You know, you can be subpoenaed by the U.S. Congress or by a court and feel like you've got a privilege against self-incrimination. Then you go before the court, and you take the 5th. You plead the 5th, or if you think you're President of the United States, you plead executive privilege.

But he didn't even bother to come in and make any of his pleas, he just blew us off. And you can't blow off the United States Congress from your sofa and think you're going to get away from it.

So most everybody else has been directly participating or at least engaged in active good faith negotiations with our committee. Everybody owes the sovereign his or her best evidence about what took place on January 6. That's what we're asking about, and we have the complete power as established by the Supreme Court under Article 1 of the Constitution to get the evidence we're seeking.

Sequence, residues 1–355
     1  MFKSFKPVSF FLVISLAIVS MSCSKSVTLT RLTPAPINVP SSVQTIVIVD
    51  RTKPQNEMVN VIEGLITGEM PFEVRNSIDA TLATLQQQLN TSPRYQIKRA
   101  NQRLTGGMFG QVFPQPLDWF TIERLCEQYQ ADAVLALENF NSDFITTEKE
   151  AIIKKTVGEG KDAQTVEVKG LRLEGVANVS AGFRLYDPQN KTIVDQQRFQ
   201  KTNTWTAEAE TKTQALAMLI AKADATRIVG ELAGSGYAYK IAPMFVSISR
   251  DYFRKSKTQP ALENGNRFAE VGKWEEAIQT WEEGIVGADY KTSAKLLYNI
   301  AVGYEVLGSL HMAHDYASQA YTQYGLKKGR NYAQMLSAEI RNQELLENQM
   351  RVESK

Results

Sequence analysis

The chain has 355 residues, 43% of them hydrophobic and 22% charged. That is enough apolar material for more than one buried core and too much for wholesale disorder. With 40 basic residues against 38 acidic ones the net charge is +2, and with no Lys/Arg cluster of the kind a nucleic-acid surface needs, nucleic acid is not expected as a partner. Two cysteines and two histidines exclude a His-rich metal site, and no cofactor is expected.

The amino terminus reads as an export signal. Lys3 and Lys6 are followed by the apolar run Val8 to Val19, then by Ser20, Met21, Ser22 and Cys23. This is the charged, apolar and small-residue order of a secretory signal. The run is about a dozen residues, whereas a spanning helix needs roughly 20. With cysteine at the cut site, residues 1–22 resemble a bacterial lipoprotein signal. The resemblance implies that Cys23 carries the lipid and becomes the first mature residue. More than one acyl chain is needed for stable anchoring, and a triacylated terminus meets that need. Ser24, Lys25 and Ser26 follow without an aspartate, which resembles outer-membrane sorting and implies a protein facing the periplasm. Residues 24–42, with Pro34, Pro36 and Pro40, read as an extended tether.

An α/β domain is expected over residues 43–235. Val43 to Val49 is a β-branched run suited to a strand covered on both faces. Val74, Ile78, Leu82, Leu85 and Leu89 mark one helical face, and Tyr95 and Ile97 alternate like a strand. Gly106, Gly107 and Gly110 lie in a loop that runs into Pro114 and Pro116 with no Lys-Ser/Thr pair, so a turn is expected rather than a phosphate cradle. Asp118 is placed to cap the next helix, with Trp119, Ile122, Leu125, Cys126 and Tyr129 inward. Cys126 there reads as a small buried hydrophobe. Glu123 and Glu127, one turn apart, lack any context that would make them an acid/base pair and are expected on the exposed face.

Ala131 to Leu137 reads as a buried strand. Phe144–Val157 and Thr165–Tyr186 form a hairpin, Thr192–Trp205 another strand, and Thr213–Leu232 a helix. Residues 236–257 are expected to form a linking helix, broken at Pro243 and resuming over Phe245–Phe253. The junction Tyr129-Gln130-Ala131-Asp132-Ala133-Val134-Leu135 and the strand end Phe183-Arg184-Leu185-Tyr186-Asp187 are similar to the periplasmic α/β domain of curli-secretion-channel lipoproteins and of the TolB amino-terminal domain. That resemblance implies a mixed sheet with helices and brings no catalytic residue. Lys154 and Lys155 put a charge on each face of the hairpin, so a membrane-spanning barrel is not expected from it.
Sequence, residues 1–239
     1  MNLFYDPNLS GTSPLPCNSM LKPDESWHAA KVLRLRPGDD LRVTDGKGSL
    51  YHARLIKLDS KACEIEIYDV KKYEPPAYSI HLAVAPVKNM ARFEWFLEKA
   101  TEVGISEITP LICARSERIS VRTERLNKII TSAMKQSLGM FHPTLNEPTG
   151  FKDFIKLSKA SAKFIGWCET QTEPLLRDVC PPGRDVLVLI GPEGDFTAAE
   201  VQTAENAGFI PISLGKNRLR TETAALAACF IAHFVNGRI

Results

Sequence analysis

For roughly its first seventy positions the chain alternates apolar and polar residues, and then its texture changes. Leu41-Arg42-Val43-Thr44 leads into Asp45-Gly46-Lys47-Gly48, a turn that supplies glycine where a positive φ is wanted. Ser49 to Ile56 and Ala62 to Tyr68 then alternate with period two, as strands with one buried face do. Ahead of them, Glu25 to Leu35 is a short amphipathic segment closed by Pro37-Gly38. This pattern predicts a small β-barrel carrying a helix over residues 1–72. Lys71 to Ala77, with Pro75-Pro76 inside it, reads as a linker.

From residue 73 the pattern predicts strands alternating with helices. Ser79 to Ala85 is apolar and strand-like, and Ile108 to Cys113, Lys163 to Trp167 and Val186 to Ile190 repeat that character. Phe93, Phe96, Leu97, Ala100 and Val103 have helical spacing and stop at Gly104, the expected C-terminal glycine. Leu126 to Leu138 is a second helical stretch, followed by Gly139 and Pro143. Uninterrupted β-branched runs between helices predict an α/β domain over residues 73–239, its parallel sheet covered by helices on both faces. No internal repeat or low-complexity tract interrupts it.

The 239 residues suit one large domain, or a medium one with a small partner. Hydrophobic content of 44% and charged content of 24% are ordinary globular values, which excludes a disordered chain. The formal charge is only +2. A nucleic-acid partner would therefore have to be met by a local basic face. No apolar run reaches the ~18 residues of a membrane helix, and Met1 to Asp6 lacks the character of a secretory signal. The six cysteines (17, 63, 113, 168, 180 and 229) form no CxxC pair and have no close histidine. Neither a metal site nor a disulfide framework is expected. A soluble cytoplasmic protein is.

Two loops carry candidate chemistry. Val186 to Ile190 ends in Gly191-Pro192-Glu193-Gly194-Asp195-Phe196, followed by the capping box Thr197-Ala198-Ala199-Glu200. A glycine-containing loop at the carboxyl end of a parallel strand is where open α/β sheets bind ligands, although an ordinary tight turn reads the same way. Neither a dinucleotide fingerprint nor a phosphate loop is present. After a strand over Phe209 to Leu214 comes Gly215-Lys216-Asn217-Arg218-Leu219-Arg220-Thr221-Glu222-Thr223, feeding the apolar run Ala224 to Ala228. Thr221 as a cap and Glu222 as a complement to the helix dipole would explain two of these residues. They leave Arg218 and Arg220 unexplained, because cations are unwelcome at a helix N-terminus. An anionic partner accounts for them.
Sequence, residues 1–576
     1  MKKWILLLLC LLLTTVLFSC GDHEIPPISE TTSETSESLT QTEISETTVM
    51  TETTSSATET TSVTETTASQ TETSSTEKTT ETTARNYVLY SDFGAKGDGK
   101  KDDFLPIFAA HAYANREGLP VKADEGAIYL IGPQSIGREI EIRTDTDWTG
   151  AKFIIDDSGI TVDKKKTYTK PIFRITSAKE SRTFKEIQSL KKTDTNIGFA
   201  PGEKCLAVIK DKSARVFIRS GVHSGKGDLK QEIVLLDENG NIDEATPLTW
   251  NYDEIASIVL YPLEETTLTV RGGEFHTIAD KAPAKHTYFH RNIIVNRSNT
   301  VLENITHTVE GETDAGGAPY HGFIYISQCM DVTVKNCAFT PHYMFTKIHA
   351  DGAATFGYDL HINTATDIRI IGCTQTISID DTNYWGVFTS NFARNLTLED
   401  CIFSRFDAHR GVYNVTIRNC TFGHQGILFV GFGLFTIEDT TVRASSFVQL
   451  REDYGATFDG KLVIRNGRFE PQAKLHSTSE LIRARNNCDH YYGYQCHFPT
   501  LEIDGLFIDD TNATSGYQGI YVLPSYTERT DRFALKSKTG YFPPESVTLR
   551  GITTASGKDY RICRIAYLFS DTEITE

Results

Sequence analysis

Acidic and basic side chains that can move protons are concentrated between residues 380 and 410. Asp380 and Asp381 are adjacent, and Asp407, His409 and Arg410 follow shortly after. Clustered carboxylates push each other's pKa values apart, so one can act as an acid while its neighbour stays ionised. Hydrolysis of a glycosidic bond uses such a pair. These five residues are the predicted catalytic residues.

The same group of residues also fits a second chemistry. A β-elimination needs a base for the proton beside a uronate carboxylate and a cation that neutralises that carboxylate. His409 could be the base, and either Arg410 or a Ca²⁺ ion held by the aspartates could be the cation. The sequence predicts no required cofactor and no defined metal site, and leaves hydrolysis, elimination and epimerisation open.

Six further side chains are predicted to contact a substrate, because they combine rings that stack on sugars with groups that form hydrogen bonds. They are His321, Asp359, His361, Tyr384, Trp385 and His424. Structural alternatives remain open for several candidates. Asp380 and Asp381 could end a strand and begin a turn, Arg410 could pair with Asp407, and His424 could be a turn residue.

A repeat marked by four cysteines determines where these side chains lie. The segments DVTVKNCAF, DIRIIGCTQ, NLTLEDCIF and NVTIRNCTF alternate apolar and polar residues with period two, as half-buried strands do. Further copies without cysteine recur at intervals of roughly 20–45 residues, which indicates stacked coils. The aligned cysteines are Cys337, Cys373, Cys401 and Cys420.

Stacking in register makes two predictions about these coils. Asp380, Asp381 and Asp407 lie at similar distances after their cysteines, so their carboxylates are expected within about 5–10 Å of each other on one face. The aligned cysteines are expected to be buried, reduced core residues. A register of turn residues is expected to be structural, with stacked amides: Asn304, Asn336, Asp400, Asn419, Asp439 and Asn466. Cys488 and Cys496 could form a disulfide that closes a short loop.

RYAN NOBLES, CNN CONGRESSIONAL CORRESPONDENT: Congressman Raskin, can you talk about the Republican response to what you guys outlined today? It seems like they want to talk about everything but Steve Bannon during the debate.

RASKIN: Well, I think that's right. Obviously, we were arguing with some members of Congress who have voted for contempt citations against officials in the past, like Eric Holder, like Lois Lerner. And so, they can't somehow pretend as if they don't believe in the principle that Congress has the authority and the right to get the evidence that it wants.

And all of us share that interest, you know, in the Article 1 branch. So that's why they decided to talk about marijuana and, you know, Afghanistan, Hillary Clinton's e-mails, whatever. But obviously. that was an irrelevant distraction from the matter at hand.

UNIDENTIFIED MALE: Do you think this will get through the courts before the next Congress?